One of the most fascinating virtues of Les contes d'Hoffmann is its rare ability to praise and mock Romanticism without any sense of contradiction. Letting Hoffmann bear all the narrative burden (the three central acts are but delusional tales of a wasted soul) allows Offenbach to present his story as a bombastic display of Romantic love and poetic doom, but also as the subjective, imaginary journey of a drunken poet who overdramatises his erotic discontent for the amusement of a bored audience. This contrast ignites one of the most brilliant scores in 19th century opera, which swings from operetta to post-Wagnerian grandeur with amazing ease. The result is an original, almost vanguardist work that twists traditional operatic roles and dares to ask two crucial questions that artists have been trying to answer for centuries: What is the source of inspiration? What is the purpose of art? In this new production, the last big project of Gérard Mortier, who sadly passed away one month ago, stage director Christoph Marthaler masterfully explores these mysteries and leads a committed artistic crew to offer an unforgettable performance; a bitter and intriguing reflection on Romanticism and decay.

Anna Viebrock, probably one of the best living set designers in Europe, provides the perfect setting for the story. Following Mortier's own suggestion, she mixed different architectural elements from the Círculo de Bellas Artes, an institution that has played a leading role in madrilean cultural life since it was built in the 1920s. Thanks to random and spasmodic body language and the brilliant costumes designed by Viebrock herself, surrealism pervades this temple of culture. In its Art Deco café female models pose for painters, bored artists contemplate the Jump from Lefkada (a sculpture whose mythological story is a beautiful premonition of Hoffmann's fate) and a chorus of delirious automats waits for Hoffmann's tales.

From this surreal introduction, Marthaler manages to underscore the subjectivism of Hoffmann's tales while putting the three female characters at the centre. He enhances, like no other production does, the rebellious dimension of the women in the three stories: Olympia revolts against male dominance, but her disobedience is limited by her own mechanic nature; Antonia faces the same dilemma that torments Hoffmann and defiantly chooses art over love; and Giulietta, a sort of premature Lulu or Salome, embodies the utmost erotic challenge. This interpretation builds up through the performance until it reaches its climax when, in the final act, Stella opens her mouth. But instead of singing, the opera diva recites an excerpt from a poem by Fernando Pessoa (Ultimatum), a fiery Futurist rant against bourgeois art and declining Western culture, in front of a defeated Hoffmann who is just as bewildered as his audience. Stella tears Hoffmann apart because he is incapable of understanding her language: for the first time in the opera another subject (until that moment, the object of his desire) confronts his narrative and transcends the constrained role that his Romantic imagination had in store for her.

In the end, Hoffmann finds inspiration through his painful loss. But in this case artistic creativity is nothing more than the bitter relief of a man who is unable to love, a waste jump from Lefkada. Romanticism is thus a decaying theatre of unrepentant misunderstanding, a delightful palace of masculine self-indulgence. The closing scene where Hoffmann is lulled by the caring and aging Muse becomes here a tableau vivant of a crucial chapter in intellectual history.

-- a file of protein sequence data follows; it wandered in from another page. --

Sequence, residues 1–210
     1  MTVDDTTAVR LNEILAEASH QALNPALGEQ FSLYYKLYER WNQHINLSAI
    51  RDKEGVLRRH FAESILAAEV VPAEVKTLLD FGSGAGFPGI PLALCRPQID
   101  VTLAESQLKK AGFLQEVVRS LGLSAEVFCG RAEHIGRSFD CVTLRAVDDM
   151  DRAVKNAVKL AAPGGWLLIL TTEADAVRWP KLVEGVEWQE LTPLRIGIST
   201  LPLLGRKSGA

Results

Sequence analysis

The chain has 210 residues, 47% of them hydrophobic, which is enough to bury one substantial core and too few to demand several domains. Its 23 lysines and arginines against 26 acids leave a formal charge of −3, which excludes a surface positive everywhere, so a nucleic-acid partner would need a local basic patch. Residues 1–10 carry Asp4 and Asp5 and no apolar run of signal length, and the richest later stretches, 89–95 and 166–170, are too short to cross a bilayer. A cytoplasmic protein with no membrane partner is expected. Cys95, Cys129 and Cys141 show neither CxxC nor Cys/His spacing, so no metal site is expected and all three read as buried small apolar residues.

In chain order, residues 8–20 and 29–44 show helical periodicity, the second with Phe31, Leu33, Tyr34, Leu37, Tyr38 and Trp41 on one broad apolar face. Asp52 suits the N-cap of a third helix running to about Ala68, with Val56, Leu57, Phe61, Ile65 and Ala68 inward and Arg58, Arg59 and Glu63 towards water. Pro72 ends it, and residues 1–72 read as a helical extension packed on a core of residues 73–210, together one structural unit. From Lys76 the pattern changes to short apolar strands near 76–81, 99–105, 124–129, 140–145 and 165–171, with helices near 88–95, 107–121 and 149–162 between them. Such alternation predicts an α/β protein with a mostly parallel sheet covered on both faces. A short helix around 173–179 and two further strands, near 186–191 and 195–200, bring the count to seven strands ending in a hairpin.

This fascinating dramatic display would have been impossible without Sylvain Cambreling's nuanced, rational and sobering conducting. He perfectly kept the balance between the different souls of the score and masterfully revealed its irresistible complexity, even if one might have liked a bit more of freshness in the lightest parts. He used the Oeser edition with some changes in Giulietta's act and putting it after Antonia's, which matched the dramatic progression of the production.

Eric Cutler was a more than convincing Hoffmann, one of the hardest tenor roles in the repertoire. The voice tends to open in the high notes, but the beautiful, warm centre sounds healthy and well projected. He opted for a dramatic vision of the character, which offered a stimulating contrast to Marthaler's antiheroic conception of Hoffmann, but he lost some of the character's natural lyricism on the way. Ana Durlovski's metallic voice was perfect for Olympia and she delivered her aria with a mechanic precision that did not leave room for the smallest hint of humanity. Measha Brueggergosman was a great disappointment as Antonia and Giulietta. Her dramatic commitment and her appealing stage presence were spoiled by a deficient singing technique that tends to inflate the emission of the voice, making it sound saturated and wobbling.

Vito Priante, on the other hand, sang beautifully, with perfect French diction and attentive phrasing, even though he did not seize the opportunity of crowning his rendition with a good “Scintille, diamant”. The Muse (who never fully turned into Nicklausse) was played by the great Swedish mezzo-soprano Anne Sofie von Otter. Her voice has lost the freshness of brighter days, but she still has breathtaking moments of high-class singing. Her Muse, full of tender details, was one of those magical embodiments that subtly adds to what is known about the character.

With this mesmerising version of Les contes d'Hoffmann, Marthaler has proved (as Offenbach did more than one century ago) that it is possible to love Romanticism through its satire, and that understanding its masculine subjectivity in historical perspective is a fruitful exercise of artistic reinterpretation.